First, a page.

We are biologically wired to focus more on negative events than positive, something called “negativity bias.” Why? Because our inherent need to survive relies on attending to possible dangers in our environment so we can immediately respond to protect ourselves–such as fight, flight, or freeze.
The stress hormones released when we encounter potential danger is adaptive and provides us with the energy to fight or run away. According to Harvard Medical School, however, if we tend to overreact to life’s stressors in the absence of real threat, our system is flooded with stress hormones, such as adrenaline and cortisol, which are not processed and become harmful over time. Chronic stress can lead to heart disease, high blood pressure, strokes, and obesity. In his book BodyWHealth, Roddy Carter, M.D. discusses how excessive amounts of cortisol also increases inflammation and weakens our immune system, thereby opening the door to infection and cancer. It is also important to note that the biological tendency toward negative thinking during times of stress is often magnified and perpetuated if one is experiencing depression or anxiety.
Research conducted by John Cacioppo, Ph.D, et al. showed increased electrical activity in the brains of participants when exposed to negative pictures compared to positive and neutral pictures. We feel negative events more strongly than positive events. Other research has shown that negative events are efficiently stored in memory so they can be easily retrieved during the next threatening situation. Positive memory storage either does not occur or is buried, making retrieval more difficult.
Here are a few real life examples of how someone could perceive a situation with a negative bias.
You receive your annual review, which consists of “exceeds expectations” in three out of four categories, and “meets expectations” in the fourth category.
Negative bias: You disregard the “exceeds expectations” ratings and focus on the “meets expectations” because you view it as a failure, which fuels your self-doubt. Alternatively, you might be angry with your boss, which could negatively affect your relationship and/or job.
Solution: Reframe the negative into the positive. Tell yourself to be proud of getting an “exceeds expectations” rating in all but one category. Take the feedback your boss gave you on the “meets expectations” category as being constructive, not critical. Your boss most likely wants you to be as successful as possible. No one is perfect..everyone can learn and grow. Tell your ego to move over to make room for improvement.
Your spouse/partner has not followed through with something important you have discussed for months. The deadline is approaching. You are a planner, and your partner procrastinates.
Negative bias: You are frustrated and resentful. You focus on all of your partner’s flaws, unable to see any of your partner’s positive qualities.
Solution: Reframe the negative into the positive. Remind yourself that you and your partner have different ways of approaching and handling situations. Have a calm and non-accusatory discussion with each other about how to solve the problem. No need for blaming. You are partners who should be working together, not against each other.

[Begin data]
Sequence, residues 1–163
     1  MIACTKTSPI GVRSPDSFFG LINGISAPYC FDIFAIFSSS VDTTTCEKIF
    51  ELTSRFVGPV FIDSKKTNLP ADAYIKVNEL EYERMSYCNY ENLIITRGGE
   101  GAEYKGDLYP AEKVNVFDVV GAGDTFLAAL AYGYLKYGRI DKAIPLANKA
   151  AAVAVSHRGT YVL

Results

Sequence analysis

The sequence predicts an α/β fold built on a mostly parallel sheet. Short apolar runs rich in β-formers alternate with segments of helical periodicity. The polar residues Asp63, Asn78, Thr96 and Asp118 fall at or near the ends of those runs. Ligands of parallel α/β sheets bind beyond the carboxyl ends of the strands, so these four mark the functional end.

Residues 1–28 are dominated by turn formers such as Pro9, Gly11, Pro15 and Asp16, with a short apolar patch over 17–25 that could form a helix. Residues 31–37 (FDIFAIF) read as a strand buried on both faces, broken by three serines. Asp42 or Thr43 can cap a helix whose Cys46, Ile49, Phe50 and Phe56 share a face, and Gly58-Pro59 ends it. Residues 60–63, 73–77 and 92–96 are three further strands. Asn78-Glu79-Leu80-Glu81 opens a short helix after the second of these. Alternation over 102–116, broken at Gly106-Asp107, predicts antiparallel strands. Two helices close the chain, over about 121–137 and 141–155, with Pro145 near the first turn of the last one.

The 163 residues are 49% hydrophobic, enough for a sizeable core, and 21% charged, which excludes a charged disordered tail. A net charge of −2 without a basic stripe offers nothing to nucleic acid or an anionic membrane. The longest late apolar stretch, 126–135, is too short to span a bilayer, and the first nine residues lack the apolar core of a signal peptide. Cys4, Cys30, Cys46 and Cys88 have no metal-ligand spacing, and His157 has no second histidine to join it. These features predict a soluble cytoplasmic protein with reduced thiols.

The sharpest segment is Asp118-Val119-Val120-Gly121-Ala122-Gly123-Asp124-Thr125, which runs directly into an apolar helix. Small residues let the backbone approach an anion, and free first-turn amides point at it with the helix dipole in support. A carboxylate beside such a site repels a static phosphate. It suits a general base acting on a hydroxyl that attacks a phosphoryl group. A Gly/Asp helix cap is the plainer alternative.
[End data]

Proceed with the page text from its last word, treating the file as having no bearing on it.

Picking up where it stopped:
You have lost your job and are having difficulty finding another. You are sad, scared, and discouraged.
Negative bias: You tell yourself you are a failure, no one will hire you, and you will end up losing everything.
Solution: Reframe the negative into the positive. Remind yourself of your strengths and accomplishments. Examine what could have been done differently. Learn from any lessons you can identify. Get more training if need be, think outside the box, believe in yourself. Life is fraught with situations we don’t agree with or understand, situations we think are unfair, only to find out later that the situation was a blessing because it led you to a more satisfying situation. It can be a step on your path to a better fit.
Here are three different ways of addressing negativity bias:
1) Reframe your thoughts.
Stop the negative self-talk. Look for a positive message or an alternative way of viewing the situation. Counter each negative self-statement with a positive one.
Generate a list of positive self-affirmations to replace recurring negative self-defeating thoughts.
2) Engage in five positive interactions for every negative one.
Psychologist and marital satisfaction expert Dr.John Gottman determined through his research with couples that couples can increase their marital satisfaction by engaging in five positive interactions for every one negative interaction.
We can apply this 5:1 ratio to any other relationships, such as parent-child interactions and supervisor-employee interactions.
3) Draw upon self-care and relaxation techniques to help release negative thoughts and emotions, and to recover from the flight/fight/freeze response
*Deep breathing *Exercise *Visualization *Meditation *Yoga *Massage *Fun activities/hobbies *Socialization
To summarize, humans are hardwired to look out for danger so we can remain safe in the world. In turn, we tend to focus more on negatives than positives. Chronic stress, depression, and anxiety magnify this effect. If our pattern is to view ourselves and others through a critical and fear-based lens, we harm our emotional and physical well-being. Our relationships and jobs can suffer.
Use these tools to counter negativity bias: 1) reframe negative thoughts into positive; 2) engage in five positive thoughts/behaviors for every negative one; and 3) use relaxation and self-care techniques to release negative thoughts and emotions.
Change your lens. Look for and focus on the flowers. Clear away the weeds. You will live a happier and healthier life.
Dr. Maridee Hunter is a Clinical Psychologist and Life Coach who practices in Orange County and North County San Diego.